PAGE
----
At the New York Times, Jennifer Preston looks at the growing role of social networking sights in humanitarian and political events:
[The] new role for social media has put these companies in a difficult position: how to accommodate the growing use for political purposes while appearing neutral and maintaining the practices and policies that made these services popular in the first place.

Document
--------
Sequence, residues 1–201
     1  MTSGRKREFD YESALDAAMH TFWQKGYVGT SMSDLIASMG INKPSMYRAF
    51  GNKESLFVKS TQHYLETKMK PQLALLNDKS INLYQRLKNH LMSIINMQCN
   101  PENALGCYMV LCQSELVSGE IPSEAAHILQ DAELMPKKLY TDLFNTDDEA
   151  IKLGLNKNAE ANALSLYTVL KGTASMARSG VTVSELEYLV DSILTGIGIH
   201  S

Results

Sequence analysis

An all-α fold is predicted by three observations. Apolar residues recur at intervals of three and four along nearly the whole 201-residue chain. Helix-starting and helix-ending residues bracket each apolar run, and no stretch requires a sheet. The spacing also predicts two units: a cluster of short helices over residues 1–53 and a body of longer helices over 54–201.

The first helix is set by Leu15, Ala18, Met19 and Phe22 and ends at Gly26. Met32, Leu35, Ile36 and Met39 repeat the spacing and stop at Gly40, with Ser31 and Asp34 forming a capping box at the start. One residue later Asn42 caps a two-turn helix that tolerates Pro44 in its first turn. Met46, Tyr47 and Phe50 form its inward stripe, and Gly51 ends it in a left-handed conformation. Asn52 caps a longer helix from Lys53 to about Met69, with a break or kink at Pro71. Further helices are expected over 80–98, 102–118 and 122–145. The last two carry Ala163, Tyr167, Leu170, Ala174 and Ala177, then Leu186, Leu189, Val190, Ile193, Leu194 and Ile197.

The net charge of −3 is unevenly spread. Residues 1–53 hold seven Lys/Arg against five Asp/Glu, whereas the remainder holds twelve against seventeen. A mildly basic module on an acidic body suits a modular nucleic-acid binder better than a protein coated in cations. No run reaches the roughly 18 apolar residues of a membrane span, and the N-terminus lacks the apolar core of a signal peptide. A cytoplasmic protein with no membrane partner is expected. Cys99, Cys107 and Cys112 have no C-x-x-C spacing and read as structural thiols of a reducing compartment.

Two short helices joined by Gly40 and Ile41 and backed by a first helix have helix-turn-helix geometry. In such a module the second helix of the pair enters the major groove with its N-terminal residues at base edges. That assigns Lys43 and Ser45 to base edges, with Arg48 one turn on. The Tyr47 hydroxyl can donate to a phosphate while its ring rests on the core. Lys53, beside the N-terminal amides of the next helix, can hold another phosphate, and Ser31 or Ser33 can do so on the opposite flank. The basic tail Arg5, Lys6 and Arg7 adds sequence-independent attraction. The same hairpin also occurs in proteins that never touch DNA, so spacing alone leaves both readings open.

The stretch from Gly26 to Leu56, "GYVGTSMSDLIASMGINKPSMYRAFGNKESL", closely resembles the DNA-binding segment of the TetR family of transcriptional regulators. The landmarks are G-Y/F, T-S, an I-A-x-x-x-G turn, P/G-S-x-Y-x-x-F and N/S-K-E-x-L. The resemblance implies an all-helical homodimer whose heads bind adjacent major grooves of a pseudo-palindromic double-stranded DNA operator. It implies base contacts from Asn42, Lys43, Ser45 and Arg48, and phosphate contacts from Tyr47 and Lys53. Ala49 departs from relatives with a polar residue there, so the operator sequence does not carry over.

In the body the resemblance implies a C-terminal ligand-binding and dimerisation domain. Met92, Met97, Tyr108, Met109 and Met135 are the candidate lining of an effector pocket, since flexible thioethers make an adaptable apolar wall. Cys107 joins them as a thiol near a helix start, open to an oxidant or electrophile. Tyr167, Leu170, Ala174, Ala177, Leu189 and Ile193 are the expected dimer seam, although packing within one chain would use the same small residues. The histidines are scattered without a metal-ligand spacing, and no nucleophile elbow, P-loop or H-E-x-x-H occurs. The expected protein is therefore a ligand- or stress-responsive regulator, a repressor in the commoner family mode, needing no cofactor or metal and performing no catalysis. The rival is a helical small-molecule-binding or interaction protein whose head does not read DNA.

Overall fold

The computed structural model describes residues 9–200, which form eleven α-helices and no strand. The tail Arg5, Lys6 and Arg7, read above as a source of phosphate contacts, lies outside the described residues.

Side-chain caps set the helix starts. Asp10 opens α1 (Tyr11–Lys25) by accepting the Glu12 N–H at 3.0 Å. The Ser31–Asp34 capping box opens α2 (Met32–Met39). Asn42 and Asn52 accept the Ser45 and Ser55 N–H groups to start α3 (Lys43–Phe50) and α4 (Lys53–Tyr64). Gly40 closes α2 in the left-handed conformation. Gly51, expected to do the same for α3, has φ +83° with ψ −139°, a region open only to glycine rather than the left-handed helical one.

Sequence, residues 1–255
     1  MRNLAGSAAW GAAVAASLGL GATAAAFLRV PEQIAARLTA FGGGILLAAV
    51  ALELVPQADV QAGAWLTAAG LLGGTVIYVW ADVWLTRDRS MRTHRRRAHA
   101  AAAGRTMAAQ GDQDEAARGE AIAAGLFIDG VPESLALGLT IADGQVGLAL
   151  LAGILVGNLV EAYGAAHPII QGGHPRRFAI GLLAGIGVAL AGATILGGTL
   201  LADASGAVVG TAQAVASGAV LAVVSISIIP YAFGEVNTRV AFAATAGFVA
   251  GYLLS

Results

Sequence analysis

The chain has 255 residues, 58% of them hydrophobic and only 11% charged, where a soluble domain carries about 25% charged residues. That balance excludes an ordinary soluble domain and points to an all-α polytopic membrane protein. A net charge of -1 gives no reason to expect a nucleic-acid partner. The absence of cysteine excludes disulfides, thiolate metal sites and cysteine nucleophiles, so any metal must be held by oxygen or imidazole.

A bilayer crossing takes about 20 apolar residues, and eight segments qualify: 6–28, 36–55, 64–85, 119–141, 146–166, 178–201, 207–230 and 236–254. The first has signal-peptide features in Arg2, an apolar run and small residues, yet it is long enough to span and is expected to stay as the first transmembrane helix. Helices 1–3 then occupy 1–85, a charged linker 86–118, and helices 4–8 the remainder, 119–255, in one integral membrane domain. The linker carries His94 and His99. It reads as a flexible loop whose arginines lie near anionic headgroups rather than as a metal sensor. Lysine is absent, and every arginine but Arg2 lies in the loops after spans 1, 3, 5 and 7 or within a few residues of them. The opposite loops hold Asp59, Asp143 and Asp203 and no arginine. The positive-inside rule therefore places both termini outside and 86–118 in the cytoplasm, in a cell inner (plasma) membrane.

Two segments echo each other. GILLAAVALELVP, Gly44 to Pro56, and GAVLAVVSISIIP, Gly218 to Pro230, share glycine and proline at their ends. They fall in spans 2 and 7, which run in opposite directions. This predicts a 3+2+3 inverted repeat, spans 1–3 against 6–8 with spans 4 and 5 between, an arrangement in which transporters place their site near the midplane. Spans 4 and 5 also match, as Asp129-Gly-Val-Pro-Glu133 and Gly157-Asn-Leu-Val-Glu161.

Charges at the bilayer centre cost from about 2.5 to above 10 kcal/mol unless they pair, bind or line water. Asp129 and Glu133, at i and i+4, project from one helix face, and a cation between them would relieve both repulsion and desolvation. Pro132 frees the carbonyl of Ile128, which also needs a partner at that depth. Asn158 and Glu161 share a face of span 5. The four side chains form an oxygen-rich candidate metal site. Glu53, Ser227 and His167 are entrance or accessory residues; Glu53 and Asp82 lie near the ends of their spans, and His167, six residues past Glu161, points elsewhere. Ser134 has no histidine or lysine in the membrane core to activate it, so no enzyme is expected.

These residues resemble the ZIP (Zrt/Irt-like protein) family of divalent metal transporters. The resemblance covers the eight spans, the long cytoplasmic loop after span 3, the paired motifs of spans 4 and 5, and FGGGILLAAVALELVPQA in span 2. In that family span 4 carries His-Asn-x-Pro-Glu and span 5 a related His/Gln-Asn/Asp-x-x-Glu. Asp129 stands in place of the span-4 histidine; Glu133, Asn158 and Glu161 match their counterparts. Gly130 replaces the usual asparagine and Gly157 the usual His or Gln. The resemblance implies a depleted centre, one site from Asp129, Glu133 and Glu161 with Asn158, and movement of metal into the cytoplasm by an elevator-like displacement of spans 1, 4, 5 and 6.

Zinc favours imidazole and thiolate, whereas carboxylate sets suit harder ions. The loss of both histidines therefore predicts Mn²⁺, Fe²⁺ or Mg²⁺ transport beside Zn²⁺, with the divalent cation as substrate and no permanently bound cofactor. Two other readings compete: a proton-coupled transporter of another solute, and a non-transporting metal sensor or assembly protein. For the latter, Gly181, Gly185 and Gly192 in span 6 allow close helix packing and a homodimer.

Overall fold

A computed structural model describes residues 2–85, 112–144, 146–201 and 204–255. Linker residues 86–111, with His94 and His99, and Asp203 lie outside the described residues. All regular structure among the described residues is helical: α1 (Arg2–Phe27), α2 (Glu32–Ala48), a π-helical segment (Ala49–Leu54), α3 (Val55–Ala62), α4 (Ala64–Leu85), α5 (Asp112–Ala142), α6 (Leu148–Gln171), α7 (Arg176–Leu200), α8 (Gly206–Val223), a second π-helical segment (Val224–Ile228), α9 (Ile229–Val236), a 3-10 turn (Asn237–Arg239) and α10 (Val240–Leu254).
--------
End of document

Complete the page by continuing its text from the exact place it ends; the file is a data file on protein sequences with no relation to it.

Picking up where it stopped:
YouTube was one of the first social media networks to wrestle with content posted by a human rights advocate that conflicted with its terms of service. In November 2007, YouTube removed videos flagged as “inappropriate” by a community member that showed a person in Egypt being tortured by the police.
The entire article, inspired by the removal of photos of Egyptian police on Flickr, is worth reading.